Spousal tax strategies, part 2
Start-up companies, pension splitting
If your spouse is in a lower tax bracket than you, several tax strategies may let you take advantage of your spouse’s lower tax rate. Last time, I looked at strategies involving independent capital, loans, and transfers of assets. Let’s continue with a look at some more strategies involving start-up companies and income splitting retirement income.
Before 2018, it was possible to include your spouse as a shareholder of a new start-up company, where there is no value at the time the shares were issued to your spouse. Then as the company increased in value, you could pay dividends on a separate class of shares owned by your spouse, and pay tax at your spouse’s lower tax rate.
However, with the introduction of the Tax on Split Income (TOSI) rules on Jan. 1, 2018, this strategy has been seriously revised. Generally speaking, under TOSI, if your spouse (or children, regardless of age) is a shareholder in a company in which they are not actively involved, then any dividends paid to them would be taxed at the top tax rate.
There are some exclusions, however, that may still allow you to get around the TOSI rules. For example, if your spouse is over 25 and owns shares directly in the company that are worth at least 10% of the votes and value, then these shares will be considered to be “excluded shares” and could fall outside of the TOSI rules. However, you will need to ensure that the company is not in the business of providing services (e.g., professional companies for lawyers, doctors, and accountants would not qualify), and the bulk of the income from the company cannot be received from a related company.
Another exception would apply if your spouse was working at least 20 hours a week in the business on average or if the spouse contributed something meaningful to the business (e.g., man-hours, equity, financial risk). (For a more detailed discussion of the TOSI rules, see my article from April 2018).
Income splitting – pensions and RRSPs
If you and your spouse are seniors, it is possible to pool your retirement pension income in order to income split. However, there are some specific eligibility rules that apply:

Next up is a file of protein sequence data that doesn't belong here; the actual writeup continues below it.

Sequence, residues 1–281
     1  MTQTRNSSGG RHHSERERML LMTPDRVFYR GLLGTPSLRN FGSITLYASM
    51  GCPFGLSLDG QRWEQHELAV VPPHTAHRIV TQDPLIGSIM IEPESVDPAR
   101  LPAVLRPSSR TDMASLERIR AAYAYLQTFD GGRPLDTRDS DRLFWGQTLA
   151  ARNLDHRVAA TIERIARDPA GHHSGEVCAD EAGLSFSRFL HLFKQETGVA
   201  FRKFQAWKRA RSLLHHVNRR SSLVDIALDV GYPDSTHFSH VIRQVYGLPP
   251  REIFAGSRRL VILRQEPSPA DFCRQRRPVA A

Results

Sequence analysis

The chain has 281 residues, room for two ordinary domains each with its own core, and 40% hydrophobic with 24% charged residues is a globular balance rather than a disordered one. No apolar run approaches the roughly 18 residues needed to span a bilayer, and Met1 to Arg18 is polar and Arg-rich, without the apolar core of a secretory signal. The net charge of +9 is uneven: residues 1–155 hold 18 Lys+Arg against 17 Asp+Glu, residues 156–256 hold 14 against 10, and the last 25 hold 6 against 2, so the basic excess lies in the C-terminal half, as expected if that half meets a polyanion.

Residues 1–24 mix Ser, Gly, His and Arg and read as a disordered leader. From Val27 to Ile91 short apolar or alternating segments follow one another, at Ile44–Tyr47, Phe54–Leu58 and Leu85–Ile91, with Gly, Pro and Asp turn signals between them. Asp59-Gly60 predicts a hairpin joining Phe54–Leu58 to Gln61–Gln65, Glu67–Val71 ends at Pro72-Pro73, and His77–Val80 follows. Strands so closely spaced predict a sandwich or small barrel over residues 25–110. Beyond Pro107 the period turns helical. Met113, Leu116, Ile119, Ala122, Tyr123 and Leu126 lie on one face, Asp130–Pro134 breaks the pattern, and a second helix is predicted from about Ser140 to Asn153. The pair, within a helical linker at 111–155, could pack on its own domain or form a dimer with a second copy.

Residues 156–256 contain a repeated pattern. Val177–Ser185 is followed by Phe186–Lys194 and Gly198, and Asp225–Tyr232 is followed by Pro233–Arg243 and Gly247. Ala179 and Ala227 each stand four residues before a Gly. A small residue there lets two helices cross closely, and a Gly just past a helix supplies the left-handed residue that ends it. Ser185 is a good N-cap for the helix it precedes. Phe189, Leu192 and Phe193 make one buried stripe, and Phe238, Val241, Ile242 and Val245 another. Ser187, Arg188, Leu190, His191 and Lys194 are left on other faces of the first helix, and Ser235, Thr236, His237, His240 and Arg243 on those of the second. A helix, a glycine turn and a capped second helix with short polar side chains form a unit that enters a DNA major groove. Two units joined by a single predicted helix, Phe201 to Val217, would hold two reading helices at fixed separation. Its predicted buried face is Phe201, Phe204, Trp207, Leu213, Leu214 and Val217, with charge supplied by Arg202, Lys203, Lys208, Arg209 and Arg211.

* For those age 65 and over, eligible pension income includes lifetime annuity payments under a registered pension plan, an RRSP or a deferred profit-sharing plan, and payments from a RRIF.
* For those under age 65, eligible pension income is limited to lifetime annuity payments from a registered pension plan and “certain other payments received as a result of the death of the individual’s spouse.”
Note: Amounts received from a government pension plan (i.e., Old Age Security, Guaranteed Income Supplement, CPP/Quebec Pension Plan) are not eligible for the new pension splitting rules. While CPP income does not qualify as eligible pension income for the pension income credit, existing rules permit CPP pensioners to split their CPP retirement benefit.
In order to take advantage of this income-splitting measure, both you, as the recipient of the eligible pension income, and your spouse must agree to the allocation in your tax returns for the year in question. (Note that the allocation must be made one year at a time.) Up to one half of your pension income can be allocated to your spouse.
Spousal RRSPs had been the preferred route to split income prior to the ability to split pension income (which has only been available since 2007). A spousal RRSP is an RRSP where you make the contributions, but the plan is owned by your spouse. When you contribute to a spousal plan, you receive a personal tax deduction, but amounts received from the plan generally will be taxable to your spouse, not you. Sounds good? The only problem is that spousal RRSPs do not allow for splitting of other types of pension income, such as RRIFs and employer-sponsored registered pension plans. Now that pension-income splitting is allowed, some advisors believe it may eliminate the need for spousal RRSPs despite the higher age limit for RRSP contributions.
However, while helpful to many seniors, pension-income splitting will not ease the tax burden across the board. It will not be of any assistance to seniors who are single, senior couples with equal incomes, or couples where each spouse has more than $118,000 of income or less than $30,000 of income.
Samantha Prasad, LL.B., is a Partner with Toronto law firm Minden Gross LLP, a Meritas Law Firm Worldwide affiliate, and specializes in corporate, estate, and international tax planning. She writes frequently on tax issues, and is the co-author of Tax and Family Business Succession Planning, 3rd Edition. She is also co-editor of various Wolters Kluwer Ltd. tax publications. Portions of this article first appeared in The TaxLetter, © 2019 by MPL Communications Ltd. Used with permission.
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The foregoing is for general information purposes only and is the opinion of the writer. This information is not intended to provide specific personalized advice including, without limitation, investment, financial, legal, accounting or tax advice.